T2T || FAQ || Ask T2T || Teachers' Lounge || Browse || Search || Thanks || About T2T
View entire discussion
[<< prev] [ next >>]
From: RON <email@example.com> To: Teacher2Teacher Public Discussion Date: 2003061022:07:12 Subject: Re: theory in trigonometry tri-gon-ometry: (metry) the measurement of (tri) three sided (gon) two dimensional figures. The issue here is basically to understand the relationships between the sides and angles in a triangle. Angles can be measured in a variety of systems. Degrees, minutes, and seconds (DMS) is usually used in beginning courses. Radian measure is usually used in higher level courses. (2 pi radians = 360 degrees.) Other systems such as gradients are more suited to specific occupations. Sides are usually measured in length units, sometimes simply expressed as a unitless number in a math class. Suggested reading topics include: 1) the pythagorean theorem 2) the law of sines 3) the law of cosines 4) the law of tangents 5) vector anaysis 6) trigonometric functions, such as sine, cosine, tangent, secant, cosecant, cotangent, and their inverses. ( Most scientific calculators will have buttons for some of these.) Regarding the last topic (#6), some texts will take the unit circle approach, others will base the definitions upon side positions in a right triangle. Any pre-calculus text will have an extensive section devoted to these topics. The prerequisite for this material would be a good foundation in algebra. Advanced topics would include more practical high tech ideas such as spherical trigonometry and three dimensional vector analysis, useful since we do not live on a plane surface. If you are just beginning, prepare for a somewhat long ride. Formal instruction will cut the time involved.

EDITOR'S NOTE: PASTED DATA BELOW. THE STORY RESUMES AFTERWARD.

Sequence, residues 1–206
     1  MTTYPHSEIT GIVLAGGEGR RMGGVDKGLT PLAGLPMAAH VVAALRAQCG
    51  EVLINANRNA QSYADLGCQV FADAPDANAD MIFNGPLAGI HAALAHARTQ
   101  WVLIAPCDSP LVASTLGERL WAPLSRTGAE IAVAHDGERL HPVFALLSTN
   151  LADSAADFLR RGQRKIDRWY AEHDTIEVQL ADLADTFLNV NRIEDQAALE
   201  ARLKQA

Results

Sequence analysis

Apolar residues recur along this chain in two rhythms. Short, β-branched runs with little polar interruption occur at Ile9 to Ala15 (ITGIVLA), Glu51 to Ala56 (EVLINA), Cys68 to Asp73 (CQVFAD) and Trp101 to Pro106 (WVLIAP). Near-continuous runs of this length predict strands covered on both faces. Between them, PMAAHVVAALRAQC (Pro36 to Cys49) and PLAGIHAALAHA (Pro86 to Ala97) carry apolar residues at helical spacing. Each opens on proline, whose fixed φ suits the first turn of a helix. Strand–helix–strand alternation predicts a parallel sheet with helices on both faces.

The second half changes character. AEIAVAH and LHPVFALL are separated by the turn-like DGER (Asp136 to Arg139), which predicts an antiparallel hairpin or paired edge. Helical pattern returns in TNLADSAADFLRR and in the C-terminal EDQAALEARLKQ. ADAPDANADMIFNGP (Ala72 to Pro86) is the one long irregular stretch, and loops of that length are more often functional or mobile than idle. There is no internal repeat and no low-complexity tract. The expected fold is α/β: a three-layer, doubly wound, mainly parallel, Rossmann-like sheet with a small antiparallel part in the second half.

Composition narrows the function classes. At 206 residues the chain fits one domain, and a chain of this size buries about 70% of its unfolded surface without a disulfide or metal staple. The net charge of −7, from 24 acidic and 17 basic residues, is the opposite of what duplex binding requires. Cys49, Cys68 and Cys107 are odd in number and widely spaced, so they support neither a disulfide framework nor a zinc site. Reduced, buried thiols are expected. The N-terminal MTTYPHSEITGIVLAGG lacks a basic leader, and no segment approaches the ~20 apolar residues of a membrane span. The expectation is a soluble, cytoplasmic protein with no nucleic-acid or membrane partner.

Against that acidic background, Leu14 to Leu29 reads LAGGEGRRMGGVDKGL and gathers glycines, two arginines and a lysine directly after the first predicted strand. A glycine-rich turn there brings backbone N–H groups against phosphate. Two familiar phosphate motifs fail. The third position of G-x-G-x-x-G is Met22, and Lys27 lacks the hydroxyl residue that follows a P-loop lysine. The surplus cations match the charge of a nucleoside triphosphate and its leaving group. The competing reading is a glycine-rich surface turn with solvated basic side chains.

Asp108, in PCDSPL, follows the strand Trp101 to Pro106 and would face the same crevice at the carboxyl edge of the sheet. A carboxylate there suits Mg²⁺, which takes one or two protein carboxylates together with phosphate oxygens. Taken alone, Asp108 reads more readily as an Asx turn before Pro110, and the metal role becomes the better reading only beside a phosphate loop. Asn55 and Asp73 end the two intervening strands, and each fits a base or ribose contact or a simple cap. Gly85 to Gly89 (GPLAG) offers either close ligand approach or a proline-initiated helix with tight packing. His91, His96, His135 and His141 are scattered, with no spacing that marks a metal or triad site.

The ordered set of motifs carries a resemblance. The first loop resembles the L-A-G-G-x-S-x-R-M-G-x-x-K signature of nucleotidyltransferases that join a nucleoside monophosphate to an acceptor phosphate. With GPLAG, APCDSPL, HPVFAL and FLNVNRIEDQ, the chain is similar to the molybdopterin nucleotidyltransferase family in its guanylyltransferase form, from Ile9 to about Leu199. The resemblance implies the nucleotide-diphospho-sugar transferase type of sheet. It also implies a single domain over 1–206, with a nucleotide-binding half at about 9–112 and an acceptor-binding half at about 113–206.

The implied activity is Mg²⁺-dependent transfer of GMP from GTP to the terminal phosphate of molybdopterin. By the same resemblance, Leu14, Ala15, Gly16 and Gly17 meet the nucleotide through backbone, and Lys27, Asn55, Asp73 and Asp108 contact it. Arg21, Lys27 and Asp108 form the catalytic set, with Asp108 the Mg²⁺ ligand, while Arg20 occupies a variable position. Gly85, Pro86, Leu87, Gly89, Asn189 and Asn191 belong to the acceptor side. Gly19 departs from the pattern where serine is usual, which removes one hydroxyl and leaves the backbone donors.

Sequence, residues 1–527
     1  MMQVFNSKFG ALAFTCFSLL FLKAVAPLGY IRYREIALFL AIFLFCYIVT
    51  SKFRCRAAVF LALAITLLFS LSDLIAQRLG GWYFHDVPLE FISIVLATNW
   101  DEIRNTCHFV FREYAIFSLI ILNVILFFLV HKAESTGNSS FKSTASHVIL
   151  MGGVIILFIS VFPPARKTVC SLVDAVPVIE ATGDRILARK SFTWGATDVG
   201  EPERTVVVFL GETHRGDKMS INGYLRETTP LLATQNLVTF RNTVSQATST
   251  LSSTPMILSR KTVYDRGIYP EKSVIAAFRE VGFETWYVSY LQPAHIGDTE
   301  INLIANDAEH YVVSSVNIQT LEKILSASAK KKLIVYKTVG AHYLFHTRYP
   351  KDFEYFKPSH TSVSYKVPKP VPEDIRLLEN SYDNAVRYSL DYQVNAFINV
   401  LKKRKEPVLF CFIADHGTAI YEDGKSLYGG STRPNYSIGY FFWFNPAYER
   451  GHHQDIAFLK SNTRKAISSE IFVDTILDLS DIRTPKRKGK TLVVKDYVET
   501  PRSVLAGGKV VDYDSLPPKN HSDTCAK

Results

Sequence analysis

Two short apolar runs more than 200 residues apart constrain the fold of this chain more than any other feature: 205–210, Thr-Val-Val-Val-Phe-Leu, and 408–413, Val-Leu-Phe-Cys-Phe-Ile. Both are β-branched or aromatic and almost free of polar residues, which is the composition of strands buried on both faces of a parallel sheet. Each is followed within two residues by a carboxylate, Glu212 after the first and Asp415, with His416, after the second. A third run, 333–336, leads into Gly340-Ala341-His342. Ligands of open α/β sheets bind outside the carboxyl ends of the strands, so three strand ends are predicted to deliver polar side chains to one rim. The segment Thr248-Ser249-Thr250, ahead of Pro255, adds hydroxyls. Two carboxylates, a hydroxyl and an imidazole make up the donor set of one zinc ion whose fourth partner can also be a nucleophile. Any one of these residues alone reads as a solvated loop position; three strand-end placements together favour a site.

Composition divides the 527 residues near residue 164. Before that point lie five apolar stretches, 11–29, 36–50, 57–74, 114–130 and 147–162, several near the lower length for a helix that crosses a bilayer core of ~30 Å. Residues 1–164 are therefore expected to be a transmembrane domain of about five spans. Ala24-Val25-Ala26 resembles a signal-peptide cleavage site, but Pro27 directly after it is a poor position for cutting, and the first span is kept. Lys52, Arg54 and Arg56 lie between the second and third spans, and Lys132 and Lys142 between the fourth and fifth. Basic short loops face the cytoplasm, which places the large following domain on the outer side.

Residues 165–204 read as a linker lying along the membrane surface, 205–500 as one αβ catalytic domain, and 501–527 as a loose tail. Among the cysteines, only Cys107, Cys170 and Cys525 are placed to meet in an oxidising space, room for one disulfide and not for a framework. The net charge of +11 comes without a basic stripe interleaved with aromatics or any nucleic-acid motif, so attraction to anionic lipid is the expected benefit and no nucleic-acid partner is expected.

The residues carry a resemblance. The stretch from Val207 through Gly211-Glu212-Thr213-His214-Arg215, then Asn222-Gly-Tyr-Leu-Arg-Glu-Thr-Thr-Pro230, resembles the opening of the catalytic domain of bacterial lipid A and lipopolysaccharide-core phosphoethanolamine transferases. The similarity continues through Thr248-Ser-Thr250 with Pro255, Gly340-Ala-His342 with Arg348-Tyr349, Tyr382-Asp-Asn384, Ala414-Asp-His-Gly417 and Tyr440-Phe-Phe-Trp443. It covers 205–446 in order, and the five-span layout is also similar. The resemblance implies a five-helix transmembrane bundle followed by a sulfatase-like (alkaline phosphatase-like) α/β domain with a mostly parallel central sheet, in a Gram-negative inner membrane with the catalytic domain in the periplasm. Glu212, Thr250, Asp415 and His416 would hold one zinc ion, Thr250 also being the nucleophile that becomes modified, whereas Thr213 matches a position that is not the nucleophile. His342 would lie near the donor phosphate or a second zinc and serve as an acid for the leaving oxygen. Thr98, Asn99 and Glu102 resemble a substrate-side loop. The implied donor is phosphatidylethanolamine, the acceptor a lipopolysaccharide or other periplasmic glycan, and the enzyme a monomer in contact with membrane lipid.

Math Forum Home || The Math Library || Quick Reference || Math Forum Search